He is still just 25 years old and having a career season scoring the ball and shooting from deep, so the Celtics would certainly need to give up some picks to acquire him.
Unfortunately, Young would create somewhat of a logjam at the 3 and 4 spots. He may be an improvement over Green, but the C’s would have made a significant financial commitment to the former Thunder forward, and it is unlikely Philly is willing to take on long-term salary to get rid of Young.
It’s a better option than Gasol, but dealing for Young does not make much sense.
There are definitely other options out there besides Young and Gasol, but the reality is that making a short-term move aimed at improving their 2013-14 win total is not the way to go for the Celtics.
The organization probably feels the same way.
If the C’s do end up making a deal it would make far more sense for them to free up some cap space and send one of the many decent, but not exceptional, role players out of Beantown.
Players like Brandon Bass, Courtney Lee and Kris Humphries are all having solid 2013-14 campaigns, but it’s not as if any of them are going to be Celtics five years from now.
If Boston can find a contender in need of one more rotation piece and who is willing to take on the rest of their contracts, the C’s would be foolish not to pursue a deal.
A package of Bass, Lee and a protected future first-rounder wasn’t enough to get Asik, per Yahoo! Sports’ Mark Evans, but it was the exact kind of offer the C’s should be making since it would have helped clear the cap sheet going forward.
Dealing Gerald Wallace is obviously ideal, but the market for a 31-year-old player averaging 4.3 points and owed $30 million is surprisingly scarce, and it may be impossible for the team to trade “Crash” until his contract is closer to expiring.
There were rumors in November that Boston would’ve been willing to take on Amar’e Stoudemire’s cumbersome contract in exchange for Wallace and Lee, per CBS Sports’ Matt Moore, but nothing concrete ever materialized.
A deal like that would hurt Boston in the short term. Still, there are a couple of positives from such a move: It would give the Celtics not only a better selection for the loaded 2014 draft but also clear up cap space for the 2015 offseason.
Obviously the biggest move the Celts could make to get worse in the short-term would be dealing Rondo, but it is difficult to gauge his value since he has not played a single minute of basketball this season.
Rondo is too good of a player to for Boston to accept an underwhelming offer to acquire the point guard. And dealing him would significantly lengthen the C’s rebuild.
Acquiring Brandon Jennings, a first-rounder and an expiring contract from the Detroit Pistons is not exactly four quarters on the dollar for a player who averaged 17.3 points, 6.7 boards and 11.9 assists on 46.8 percent shooting in the 2012 playoffs.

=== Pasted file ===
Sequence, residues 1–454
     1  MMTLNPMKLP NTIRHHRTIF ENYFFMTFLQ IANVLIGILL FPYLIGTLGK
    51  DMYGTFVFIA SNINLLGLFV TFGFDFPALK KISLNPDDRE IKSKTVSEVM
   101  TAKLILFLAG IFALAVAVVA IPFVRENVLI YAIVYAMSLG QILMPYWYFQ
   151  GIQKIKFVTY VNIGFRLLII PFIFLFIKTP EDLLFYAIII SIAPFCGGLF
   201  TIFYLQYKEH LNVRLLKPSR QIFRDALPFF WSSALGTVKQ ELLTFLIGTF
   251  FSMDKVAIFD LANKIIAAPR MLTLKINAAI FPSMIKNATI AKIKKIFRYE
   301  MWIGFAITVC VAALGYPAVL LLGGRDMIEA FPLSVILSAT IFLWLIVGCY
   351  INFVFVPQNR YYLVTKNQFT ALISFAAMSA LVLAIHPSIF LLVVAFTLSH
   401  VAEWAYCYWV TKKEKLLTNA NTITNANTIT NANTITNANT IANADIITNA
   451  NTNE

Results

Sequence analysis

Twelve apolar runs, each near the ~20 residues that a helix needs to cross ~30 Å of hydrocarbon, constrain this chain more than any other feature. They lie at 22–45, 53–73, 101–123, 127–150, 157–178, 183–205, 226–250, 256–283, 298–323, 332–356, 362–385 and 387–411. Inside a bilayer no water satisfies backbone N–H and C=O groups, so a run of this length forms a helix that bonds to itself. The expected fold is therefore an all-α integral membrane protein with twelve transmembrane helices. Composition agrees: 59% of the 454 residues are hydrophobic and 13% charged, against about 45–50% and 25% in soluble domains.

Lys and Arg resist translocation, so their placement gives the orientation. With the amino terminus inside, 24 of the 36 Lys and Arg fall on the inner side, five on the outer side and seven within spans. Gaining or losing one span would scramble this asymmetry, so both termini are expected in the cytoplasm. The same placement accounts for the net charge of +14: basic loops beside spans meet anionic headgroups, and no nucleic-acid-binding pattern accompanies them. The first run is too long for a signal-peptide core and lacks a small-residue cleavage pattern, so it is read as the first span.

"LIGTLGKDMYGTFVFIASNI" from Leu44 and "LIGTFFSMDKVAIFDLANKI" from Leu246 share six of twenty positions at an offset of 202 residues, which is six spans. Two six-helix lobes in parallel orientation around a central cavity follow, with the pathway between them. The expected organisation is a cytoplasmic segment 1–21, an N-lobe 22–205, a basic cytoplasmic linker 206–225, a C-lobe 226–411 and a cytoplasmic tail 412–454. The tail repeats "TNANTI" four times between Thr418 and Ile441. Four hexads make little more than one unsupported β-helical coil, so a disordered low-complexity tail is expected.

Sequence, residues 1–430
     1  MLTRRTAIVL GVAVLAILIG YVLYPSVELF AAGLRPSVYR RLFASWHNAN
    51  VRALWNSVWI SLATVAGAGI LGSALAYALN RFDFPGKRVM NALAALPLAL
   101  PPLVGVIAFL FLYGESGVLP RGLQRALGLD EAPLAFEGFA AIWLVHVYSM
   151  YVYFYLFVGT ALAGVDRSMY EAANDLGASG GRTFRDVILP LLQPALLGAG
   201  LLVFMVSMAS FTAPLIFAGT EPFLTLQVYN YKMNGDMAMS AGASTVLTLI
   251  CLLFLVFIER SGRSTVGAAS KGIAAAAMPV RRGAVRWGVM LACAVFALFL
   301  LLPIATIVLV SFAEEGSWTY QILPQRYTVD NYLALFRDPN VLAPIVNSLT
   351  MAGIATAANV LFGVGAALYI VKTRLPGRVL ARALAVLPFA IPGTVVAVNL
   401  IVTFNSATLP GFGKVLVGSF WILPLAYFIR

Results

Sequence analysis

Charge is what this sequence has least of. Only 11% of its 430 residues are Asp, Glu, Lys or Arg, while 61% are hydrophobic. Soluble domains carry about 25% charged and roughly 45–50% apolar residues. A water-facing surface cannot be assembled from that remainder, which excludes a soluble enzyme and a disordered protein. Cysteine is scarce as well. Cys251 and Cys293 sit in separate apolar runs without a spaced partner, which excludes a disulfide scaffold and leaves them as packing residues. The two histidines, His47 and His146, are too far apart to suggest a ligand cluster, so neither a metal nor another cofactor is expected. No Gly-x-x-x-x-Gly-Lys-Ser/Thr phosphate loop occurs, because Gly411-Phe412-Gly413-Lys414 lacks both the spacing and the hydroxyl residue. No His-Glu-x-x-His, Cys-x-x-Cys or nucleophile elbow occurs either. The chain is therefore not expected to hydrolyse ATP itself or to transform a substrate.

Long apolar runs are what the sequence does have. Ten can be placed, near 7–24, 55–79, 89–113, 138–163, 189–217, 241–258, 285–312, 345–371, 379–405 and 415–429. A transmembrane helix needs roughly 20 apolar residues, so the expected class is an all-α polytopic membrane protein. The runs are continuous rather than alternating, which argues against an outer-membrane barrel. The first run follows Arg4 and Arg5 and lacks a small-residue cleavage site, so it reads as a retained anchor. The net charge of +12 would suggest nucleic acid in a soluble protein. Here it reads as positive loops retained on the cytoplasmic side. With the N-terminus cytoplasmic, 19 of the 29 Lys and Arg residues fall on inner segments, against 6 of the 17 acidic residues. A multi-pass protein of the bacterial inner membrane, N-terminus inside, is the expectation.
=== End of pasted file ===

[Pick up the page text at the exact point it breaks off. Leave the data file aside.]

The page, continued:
He does turn 28 years old in February, but Rondo is still young enough that he could be part of the next era of Boston basketball if the franchise can surround him with enough talent over the next few seasons.
Unless a Rondo deal either gets Boston a blue-chip prospect or allows the team to send out Wallace’s contract while acquiring a slew of picks, it is simply not the right move at this time.
At this point, going for a home run deal unless it is clearly in the Celtics’ favor does not make sense.
If the team can package some of their young pieces and assets into a player like Kevin Love that is one thing, but there is little chance that ends up happening in 2013-14.
The best move for Boston given its current circumstances would be to deal some rotation players for future assets and accept its fate as a lottery team this season.
Dealing Bass, Wallace, Lee or Humphries will certainly lower the team’s win total for this year, but it is the most logical move, especially if the Celtics can get another young player or a draft pick as a result.
The C’s may be out of the running for Jabari Parker or Andrew Wiggins, but losing a few more games this year could be the difference between nabbing Rodney Hood and ending up with Doug McDermott.
If the team stands pat and Rondo returns to play 30-plus games this season they likely won’t end up with a top 10 selection in this draft, so making a deal to weaken the current roster is the best way to ensure themselves a quality pick.
With all of their mid-level contracts, Boston could also serve as a facilitator in a more complex three-team trade that could get them another asset.
The Celtics are by no means under a mandate to win now, and making a trade at or before the deadline that ships one (or two or three) of their veterans to a contender in need of added depth could allow them to get better positioning in the draft while clearing up cap space for the monster 2015 free-agent class.